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A two-judge bench of the Supreme Court held that Janata Party chief Subramanian Swamy had the locus standi to seek sanction for former telecom minister A Raja’s prosecution. It said sanction should be granted within a time frame and the competent authority shall take action in accordance with the guidelines laid down by the apex court in the Vineet Narain case of 1996
Setting aside the Delhi High Court judgement on sanction of prosecution in the second generation (2G) case, the Supreme Court today held that filing of a complaint under the Prevention of Corruption Act is a constitutional right of a citizen and the competent authority should take a decision on giving the sanction within a time frame.
See the SC judgement below...
If the sanction is not given within four months then it is deemed to have been granted, the two judge bench of the apex court held in a case filed by Janata Party chief Subramanian Swamy seeking a direction to the prime minister for sanction to prosecute the then telecom minister A Raja.
The bench comprising justices GS Singhvi and AK Ganguly held that Mr Swamy had the locus standi to seek sanction for Mr Raja’s prosecution.
It said sanction should be granted within a time frame and the competent authority shall take action in accordance with the guidelines laid down by the apex court in the Vineet Narain case of 1996.
Justice Ganguly, who wrote a separate judgement, agreed with justice Singhvi and said sanction would be deemed to be granted if the competent authority fails to take a decision within a period of four months.
The bench said that right to file a complaint against a public servant under the Prevention of Corruption Act is a constitutional right.
The bench said it was not accepting certain submissions made by the Attorney General in defending the stand of Prime Minister’s Office (PMO).
The court said it was not declaring as ultra vires the provisions of the Prevention of Corruption Act.
The apex court had reserved its judgement on 24 November 2010 on the petition filed by Mr Swamy alleging that there was delay in taking action on his plea seeking sanction to prosecute Mr Raja.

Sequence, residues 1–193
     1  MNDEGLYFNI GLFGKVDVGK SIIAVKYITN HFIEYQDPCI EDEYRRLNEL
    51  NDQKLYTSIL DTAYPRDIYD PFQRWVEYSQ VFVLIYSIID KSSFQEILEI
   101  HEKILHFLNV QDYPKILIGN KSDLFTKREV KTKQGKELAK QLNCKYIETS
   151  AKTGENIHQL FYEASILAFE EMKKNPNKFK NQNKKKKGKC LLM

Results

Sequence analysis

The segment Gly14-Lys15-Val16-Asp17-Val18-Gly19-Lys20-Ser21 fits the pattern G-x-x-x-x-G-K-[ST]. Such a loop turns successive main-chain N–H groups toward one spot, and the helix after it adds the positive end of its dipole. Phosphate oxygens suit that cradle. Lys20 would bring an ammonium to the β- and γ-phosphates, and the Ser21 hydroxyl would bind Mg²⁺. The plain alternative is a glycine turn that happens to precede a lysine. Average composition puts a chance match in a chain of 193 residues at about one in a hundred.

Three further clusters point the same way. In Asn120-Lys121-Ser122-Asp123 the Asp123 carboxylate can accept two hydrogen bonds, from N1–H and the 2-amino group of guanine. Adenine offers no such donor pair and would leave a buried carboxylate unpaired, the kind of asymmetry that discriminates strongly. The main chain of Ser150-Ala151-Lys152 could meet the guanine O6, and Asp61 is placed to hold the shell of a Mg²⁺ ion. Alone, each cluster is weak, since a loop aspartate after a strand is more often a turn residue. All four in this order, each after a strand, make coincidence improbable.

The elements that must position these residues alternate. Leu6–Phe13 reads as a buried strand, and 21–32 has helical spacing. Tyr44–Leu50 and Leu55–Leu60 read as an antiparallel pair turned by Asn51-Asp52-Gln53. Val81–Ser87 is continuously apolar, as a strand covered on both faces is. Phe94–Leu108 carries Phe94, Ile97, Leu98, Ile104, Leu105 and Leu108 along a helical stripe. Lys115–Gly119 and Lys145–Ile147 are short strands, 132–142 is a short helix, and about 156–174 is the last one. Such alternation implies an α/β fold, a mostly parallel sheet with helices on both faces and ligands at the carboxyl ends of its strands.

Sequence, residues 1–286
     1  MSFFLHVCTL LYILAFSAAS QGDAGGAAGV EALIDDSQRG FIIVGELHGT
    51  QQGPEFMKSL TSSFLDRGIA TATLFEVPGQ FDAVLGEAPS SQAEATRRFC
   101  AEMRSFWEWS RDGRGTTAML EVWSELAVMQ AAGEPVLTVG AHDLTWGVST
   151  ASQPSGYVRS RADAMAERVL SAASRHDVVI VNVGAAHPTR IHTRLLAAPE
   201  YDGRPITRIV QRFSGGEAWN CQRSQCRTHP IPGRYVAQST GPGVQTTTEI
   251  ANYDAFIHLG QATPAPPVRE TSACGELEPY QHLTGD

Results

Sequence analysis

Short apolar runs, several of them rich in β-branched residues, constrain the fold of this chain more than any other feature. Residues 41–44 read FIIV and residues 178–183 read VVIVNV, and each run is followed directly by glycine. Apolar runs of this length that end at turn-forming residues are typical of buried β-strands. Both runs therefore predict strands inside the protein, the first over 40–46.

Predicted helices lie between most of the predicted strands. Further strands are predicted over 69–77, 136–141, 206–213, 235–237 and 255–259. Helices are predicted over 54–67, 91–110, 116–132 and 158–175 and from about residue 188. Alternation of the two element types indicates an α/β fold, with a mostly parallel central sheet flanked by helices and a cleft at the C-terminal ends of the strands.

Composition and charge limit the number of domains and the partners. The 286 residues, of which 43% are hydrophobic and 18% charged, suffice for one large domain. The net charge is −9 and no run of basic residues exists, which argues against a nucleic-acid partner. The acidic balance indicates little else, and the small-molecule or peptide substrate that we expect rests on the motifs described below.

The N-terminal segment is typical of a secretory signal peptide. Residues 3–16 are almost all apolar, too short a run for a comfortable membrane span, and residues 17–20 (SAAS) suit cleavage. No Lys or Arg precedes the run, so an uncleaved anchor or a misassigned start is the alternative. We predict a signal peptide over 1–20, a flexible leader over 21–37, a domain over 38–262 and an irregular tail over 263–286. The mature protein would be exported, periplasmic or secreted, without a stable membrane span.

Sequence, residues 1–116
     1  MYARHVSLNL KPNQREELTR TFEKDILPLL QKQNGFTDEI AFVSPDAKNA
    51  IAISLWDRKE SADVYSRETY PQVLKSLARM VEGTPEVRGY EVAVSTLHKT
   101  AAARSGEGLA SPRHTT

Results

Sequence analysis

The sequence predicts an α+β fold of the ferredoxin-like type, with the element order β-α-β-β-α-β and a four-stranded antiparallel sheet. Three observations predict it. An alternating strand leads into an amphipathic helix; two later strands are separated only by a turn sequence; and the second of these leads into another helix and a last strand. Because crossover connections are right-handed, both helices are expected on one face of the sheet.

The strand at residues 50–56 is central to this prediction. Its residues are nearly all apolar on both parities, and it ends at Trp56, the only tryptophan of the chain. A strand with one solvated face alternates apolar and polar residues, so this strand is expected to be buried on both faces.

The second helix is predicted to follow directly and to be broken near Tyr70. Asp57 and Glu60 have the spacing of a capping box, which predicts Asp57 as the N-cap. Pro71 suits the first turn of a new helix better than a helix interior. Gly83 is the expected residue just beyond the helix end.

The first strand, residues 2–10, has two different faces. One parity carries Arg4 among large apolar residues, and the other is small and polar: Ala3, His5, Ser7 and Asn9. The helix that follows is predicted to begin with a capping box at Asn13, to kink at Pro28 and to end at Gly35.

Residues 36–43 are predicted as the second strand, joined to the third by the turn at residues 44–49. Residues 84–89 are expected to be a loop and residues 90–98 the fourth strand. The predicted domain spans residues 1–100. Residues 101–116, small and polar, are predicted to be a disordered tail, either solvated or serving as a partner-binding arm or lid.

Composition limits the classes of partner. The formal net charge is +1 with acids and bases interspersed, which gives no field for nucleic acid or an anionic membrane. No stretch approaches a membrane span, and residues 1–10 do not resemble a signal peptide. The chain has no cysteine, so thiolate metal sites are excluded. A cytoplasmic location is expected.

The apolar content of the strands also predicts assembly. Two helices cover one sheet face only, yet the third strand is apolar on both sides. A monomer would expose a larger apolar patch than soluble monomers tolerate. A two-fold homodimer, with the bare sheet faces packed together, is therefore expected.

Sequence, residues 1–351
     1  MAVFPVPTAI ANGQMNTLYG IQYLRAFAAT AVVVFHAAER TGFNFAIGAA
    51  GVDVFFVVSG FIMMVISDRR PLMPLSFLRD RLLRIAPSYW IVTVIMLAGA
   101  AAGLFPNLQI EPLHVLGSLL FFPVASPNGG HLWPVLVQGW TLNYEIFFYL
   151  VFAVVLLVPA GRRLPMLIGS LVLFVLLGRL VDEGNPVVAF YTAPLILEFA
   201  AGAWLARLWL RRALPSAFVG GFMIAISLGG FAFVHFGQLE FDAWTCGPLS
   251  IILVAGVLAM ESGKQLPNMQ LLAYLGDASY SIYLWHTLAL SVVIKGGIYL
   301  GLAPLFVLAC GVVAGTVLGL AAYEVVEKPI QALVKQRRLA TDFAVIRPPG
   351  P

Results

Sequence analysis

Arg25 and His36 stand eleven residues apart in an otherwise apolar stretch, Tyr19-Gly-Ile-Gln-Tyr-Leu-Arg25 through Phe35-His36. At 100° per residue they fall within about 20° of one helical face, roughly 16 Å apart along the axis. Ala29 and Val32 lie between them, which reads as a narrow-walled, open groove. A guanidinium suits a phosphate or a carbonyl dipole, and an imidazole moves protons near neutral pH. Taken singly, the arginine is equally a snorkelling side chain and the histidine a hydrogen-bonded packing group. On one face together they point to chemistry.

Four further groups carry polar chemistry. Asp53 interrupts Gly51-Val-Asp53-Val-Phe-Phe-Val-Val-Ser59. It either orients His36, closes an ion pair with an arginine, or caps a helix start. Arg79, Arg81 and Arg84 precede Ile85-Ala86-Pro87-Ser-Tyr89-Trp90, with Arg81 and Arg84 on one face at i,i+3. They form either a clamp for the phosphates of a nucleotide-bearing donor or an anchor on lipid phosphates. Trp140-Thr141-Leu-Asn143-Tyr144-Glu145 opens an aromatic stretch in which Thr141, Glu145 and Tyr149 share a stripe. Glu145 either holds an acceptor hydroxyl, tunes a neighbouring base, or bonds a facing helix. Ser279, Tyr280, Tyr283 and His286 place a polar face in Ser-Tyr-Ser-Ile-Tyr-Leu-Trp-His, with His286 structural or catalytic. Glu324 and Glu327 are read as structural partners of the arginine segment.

Mr Swamy, who had made the prime minister a party in the case, had initially sought a direction to the prime minister to take decision on sanction to prosecute Mr Raja but later on he sought framing of guidelines on the issue as his plea became infructuous with the resignation of the DMK leader as telecom minister on 14 November 2010.
He had alleged that there was an “inordinate delay” on part of the prime minister in taking a decision on his plea for grant of sanction to prosecute Mr Raja in the scam and his plea was neither allowed not rejected for over 16 months.
The PMO had, however, refuted all the allegations and filed an affidavit before the apex court maintaining that the request for sanction for prosecution of Mr Raja was considered by the prime minister and that he was advised that evidence collected by Central Bureau of Investigation (CBI) was necessary before taking a decision.
The government said as the CBI probe was going on it was necessary to wait for its completion before taking any decision on granting sanction.
Mr Swamy had approached the apex court challenging the Delhi High Court judgement that had refused to pass any direction to the prime minister for taking decision on sanction.
The Vodafone tax case was conceded as a ‘test’ case, but diverse issues raised by the I-T department, who seek to render exigible to tax similar cross-border transactions, remain to be adjudicated on a case-by-case basis, including ‘treaty shopping’, which did not arise in the Vodafone case
The Supreme Court verdict in the Vodafone tax case has far-reaching ramifications on diverse cross-border transactions sought to be brought within the tax dragnet, including Sanofi Aventis-Shanta Biotech, Sabmiller-Fosters, Idea Cellular-AT&T, whose challenges to demands by the Indian revenue department are pending before courts of law in India. The verdict of 20 January 2012 marks a closure to the tax demand of Rs11,218 crore in the form of withholding taxes and interest, plus Rs7,900 crore (towards penalties) from Vodafone following the international cross-border transaction by which it acquired the Indian telecommunication interests of Hutchison for $11.076 billion.
The Supreme Court, in its resounding validation of the settled legal principle that tax planning per se is neither illegal nor impermissible and rejected the stand of the Income Tax (I-T) department that the overseas transaction relating to the acquisition by a Netherlands-based subsidiary of Vodafone of share capital of an upstream company that was incorporated by Hutchison in the Cayman Islands and ensconced within the corporate structure evolved in the course of effectuating telecommunications investments into India from 1992 onwards, was sham, fictitious and a means to evade tax exigible in India upon such transfer, entailing concomitant withholding tax obligations qua Vodafone in relation to capital gains in the hands of Hutchison, since downstream companies held underlying assets situated in India, founded inter alia on a purposive interpretation of certain provisions of the Indian Income-tax Act, 1961.